School districts walk fine line advocating referendums
The Miami-Dade school district has a $1.2 billion bond referendum going to voters next week, an initiative that superintendent Alberto Carvalho very much wants to see approved. (See his Twitter feed if you doubt it.)
As part of the campaign, the school district is sending home flyers with all students letting parents know exactly how the money would be spent if they approve the measure. As the Miami Herald reports, the district stops just short of advocating for the referendum, instead just providing educational information about the issue.
“As long as they’re not telling people how to vote, they’re on the safe side in advocating and promoting the issue,” Barry University political science professor Sean Foreman told the Herald. “I think you can even promote through the use of facts, as long as you’re not telling people, ‘Vote for this.’”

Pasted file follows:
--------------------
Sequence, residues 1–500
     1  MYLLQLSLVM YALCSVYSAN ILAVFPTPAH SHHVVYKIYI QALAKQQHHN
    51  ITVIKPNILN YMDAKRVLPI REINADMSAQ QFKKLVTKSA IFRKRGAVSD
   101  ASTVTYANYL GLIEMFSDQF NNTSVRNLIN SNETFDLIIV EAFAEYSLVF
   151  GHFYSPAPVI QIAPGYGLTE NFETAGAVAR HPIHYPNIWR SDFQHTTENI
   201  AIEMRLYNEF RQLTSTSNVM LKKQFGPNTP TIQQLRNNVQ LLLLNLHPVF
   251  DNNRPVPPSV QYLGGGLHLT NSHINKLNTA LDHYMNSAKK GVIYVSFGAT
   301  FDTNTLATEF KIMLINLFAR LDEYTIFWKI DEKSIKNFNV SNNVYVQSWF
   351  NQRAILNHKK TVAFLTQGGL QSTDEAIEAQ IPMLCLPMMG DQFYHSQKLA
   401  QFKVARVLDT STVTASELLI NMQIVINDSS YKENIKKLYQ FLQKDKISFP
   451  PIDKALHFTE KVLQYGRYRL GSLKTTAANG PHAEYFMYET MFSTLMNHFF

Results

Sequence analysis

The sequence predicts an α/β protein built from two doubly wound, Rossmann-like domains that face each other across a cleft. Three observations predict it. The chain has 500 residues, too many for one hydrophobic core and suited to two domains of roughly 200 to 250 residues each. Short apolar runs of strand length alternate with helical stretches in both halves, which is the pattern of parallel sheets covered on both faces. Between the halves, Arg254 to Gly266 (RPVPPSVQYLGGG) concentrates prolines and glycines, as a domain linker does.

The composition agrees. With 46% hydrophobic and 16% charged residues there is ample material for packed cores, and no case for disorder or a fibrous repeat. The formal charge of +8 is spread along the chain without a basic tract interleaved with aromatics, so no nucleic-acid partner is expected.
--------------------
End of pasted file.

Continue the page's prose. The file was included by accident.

This is not just an issue in Miami-Dade. The Pasco school district, for instance, has informational flyers about its Penny for Pasco referendum in all schools, too. The flyer, which also got wide distribution through students, as well as back to school day, touts "Promises Made, Promises Kept." It also talks about what the renewed sales tax would do for the district in highly positive terms: It will "speed up job creation and bring new business to the county."
See the district's Penny for Pasco website, too, for another example.
It steers clear of endorsement, though, and that's the bright line that gets used when determining whether a government is using your tax dollars for a proper purpose during an election. Pasco superintendent Heather Fiorentino faced a complaint for distributing information to staff over Amendment 1 in 2008, but it was tossed out.
How far should school districts and other governments be able to go to promote election initiatives that they support? Are they going too far now?